Re: [sixties-l] War and male bonding

From: Jeffrey Blankfort (
Date: Mon Jun 26 2000 - 03:54:06 CUT

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    > Jerry West wrote:
    > > I am glad that you pointed out that war is a given part of the human
    > > condition.
    > And Carrol Cox replied:

    > Oh come now. There is absolutely no evidence of this. Humans (if you
    > are snobbish in your definition of humanity) have been around for about
    > 100,000 years, if you are less snobbish for around a half a million, give
    > or take a few hundred thousand. It is a matter of considerable debate
    > among anthropoligists just how violent the first 100,000 years were --
    > but it is pretty certain that war (in anything remotely like what we know
    > as war) has been around for not much more than 5000 years. And to
    > see what *most* "war" would have looked like up to the last 2000
    > years (or less) see Nestor's account of the war of his youth (a glorified
    > cattle raid) in the *Odyssey.*

    In the earlier periods of human existence that Carrol refers, of which
    we know very little, the population of humans on the planet was so small
    that groups or tribes were unlikely to come in contact with one another,
    and what would be considered the warriors among them would have had more
    to do with fighting beasts than with other men.

    But what we have seen in recorded history, at least that which can be
    verified, is that warmaking has been a part of the culture of most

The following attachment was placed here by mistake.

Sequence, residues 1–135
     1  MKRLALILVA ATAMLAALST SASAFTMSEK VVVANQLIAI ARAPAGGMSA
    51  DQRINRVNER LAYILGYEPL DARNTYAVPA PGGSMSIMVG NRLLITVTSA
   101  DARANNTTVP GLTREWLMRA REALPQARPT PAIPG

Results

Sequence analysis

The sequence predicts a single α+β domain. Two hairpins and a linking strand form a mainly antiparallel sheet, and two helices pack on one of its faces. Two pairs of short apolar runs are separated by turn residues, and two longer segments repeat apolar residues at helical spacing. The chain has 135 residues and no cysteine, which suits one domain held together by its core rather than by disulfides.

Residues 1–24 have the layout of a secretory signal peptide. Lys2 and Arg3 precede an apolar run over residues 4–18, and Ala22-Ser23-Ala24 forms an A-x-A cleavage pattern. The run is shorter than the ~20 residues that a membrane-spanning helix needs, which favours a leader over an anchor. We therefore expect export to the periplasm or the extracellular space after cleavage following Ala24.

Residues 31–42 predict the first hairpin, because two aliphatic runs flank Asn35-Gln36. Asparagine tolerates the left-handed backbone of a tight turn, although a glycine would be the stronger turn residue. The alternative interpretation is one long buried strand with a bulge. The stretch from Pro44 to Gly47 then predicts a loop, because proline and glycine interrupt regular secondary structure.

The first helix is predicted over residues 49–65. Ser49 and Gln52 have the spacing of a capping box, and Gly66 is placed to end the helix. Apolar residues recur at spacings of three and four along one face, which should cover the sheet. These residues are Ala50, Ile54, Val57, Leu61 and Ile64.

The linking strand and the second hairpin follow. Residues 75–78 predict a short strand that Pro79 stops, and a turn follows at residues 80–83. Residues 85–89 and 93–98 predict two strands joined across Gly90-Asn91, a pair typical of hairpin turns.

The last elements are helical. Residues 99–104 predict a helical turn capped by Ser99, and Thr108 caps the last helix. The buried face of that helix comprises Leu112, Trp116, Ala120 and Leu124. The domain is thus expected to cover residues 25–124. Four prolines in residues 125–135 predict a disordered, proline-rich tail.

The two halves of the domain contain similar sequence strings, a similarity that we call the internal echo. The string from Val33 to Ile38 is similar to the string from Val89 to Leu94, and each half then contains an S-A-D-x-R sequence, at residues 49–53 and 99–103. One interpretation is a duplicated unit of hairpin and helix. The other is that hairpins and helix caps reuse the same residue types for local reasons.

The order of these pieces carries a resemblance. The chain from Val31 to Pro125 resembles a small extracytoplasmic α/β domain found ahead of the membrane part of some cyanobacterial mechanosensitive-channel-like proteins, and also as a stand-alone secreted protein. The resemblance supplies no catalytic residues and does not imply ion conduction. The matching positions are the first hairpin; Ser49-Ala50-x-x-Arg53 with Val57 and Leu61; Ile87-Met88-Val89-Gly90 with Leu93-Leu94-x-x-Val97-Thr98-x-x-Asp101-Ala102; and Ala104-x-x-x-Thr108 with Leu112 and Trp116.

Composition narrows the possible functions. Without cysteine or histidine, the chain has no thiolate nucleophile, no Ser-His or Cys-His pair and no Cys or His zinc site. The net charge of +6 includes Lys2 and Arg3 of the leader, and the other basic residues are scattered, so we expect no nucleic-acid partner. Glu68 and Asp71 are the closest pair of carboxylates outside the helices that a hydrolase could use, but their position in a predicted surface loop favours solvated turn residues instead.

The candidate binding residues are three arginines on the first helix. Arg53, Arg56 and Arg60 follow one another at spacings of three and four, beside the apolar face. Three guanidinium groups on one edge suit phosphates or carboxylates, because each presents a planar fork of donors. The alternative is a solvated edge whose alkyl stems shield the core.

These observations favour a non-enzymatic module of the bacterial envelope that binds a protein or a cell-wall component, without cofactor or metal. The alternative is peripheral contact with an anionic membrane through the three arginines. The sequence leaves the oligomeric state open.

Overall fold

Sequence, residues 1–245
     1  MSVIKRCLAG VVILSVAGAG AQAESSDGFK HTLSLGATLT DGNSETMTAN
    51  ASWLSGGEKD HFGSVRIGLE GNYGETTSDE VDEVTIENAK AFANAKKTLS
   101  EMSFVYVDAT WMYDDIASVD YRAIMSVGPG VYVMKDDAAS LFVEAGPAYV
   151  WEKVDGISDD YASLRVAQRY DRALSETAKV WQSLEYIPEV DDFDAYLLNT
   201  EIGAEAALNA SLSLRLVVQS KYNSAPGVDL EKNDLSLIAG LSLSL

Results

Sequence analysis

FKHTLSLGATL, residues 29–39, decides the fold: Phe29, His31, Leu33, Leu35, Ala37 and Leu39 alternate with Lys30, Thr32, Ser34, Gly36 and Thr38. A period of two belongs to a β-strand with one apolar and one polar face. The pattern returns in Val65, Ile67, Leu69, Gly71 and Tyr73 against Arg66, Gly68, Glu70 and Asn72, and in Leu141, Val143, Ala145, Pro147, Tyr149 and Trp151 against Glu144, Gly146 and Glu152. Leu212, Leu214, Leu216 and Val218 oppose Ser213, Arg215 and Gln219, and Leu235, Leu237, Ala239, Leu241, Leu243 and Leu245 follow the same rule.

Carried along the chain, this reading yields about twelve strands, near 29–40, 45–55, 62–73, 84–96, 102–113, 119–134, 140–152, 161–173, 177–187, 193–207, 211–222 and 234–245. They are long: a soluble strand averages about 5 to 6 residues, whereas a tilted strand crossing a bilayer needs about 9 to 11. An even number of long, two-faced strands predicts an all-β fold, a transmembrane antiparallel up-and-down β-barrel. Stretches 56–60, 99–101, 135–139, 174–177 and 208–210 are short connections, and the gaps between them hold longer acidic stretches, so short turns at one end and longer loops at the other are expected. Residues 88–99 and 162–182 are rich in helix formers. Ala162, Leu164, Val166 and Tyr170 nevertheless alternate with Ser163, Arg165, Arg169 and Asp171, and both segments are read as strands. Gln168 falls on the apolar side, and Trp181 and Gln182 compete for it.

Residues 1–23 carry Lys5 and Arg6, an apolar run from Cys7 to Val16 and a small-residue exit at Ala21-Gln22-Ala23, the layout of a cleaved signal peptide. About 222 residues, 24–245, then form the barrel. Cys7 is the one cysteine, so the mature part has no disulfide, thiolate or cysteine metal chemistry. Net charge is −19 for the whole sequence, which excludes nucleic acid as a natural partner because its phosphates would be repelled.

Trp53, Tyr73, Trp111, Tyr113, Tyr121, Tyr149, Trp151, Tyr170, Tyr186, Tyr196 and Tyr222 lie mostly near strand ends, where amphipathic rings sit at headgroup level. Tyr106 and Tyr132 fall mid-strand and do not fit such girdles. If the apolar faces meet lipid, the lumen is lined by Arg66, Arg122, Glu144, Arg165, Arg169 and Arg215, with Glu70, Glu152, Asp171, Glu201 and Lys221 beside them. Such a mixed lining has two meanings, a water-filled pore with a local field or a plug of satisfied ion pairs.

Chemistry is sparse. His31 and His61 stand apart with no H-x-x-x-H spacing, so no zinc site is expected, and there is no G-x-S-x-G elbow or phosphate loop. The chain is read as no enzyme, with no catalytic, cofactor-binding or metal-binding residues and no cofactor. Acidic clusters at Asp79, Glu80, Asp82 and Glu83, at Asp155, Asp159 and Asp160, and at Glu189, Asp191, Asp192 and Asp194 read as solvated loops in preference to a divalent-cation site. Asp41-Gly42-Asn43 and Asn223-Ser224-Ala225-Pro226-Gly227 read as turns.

diverse societies and while men, even as today, are pressed into duty
    against their will by an army not of their own choosing or as in many
    poor, third-world countries, by dire economic necessity, they take to
    the military life like a duck to water.

    Most of us tend to forget, and some are in a constant state of denial,
    that we are first of all a species of animal, albeit (at least in our
    estimation, but arguable) the highest form. And that while we differ
    from most other species because we are formed socially and do not act or
    react from instinct, there are quite likely aspects of our behavior that
    are more instinctual than learned and this willingness to fight in wars
    in which one has no personal interest and the bonding that impels it may
    be in that category.

    Coming to this conclusion is not an easy one for me. In analyzing modern
    society, I was ready to categorize war as a necessity of capitalism,
    which, in fact, does require an army ready to unquestioningly enforce
    its dictates (which is what our military is and has been). But the
    "socialist/communist" world has behaved no differently (I use quotes
    because they were arguably neither). When the Russian army intervened in
    Budapest in 1956 or in Prague in 1968, was the consciousness of the the
    Red Army superior to that of the US military in Vietnam? Hardly. When
    the Chinese Army invaded Vietnam in 1978, after that country's long war
    with the US, what was in the minds of the Chinese soldiers, and was
    Mao's regime any better than that in Washington? Men killing other men
    with whom they have no argument comes too easily to blame it on one
    system or another.

    > Moreover -- for several hundred years now the men and women (e.g.,
    > Albright) who make wars are *not* the people who fight them. Don't
    > try to tell me that cultured gentlemen and ladies sitting in comforting
    > board rooms and deciding on the slaughter of millions are operating
    > out of any kind of "natural tendency to violence." War, like tiddlywinks
    > or double dating, is a social relation, not a "thing" with an essence.

    This is not the point that Sandra Flowers initiated and which launched
    this thread. It had nothing to do with who plans the wars and why they
    do so, but that they can count on getting the soldiery to do the
    fighting and dying. And moreover, those making the plans know it full well.

    Jeff Blankfort

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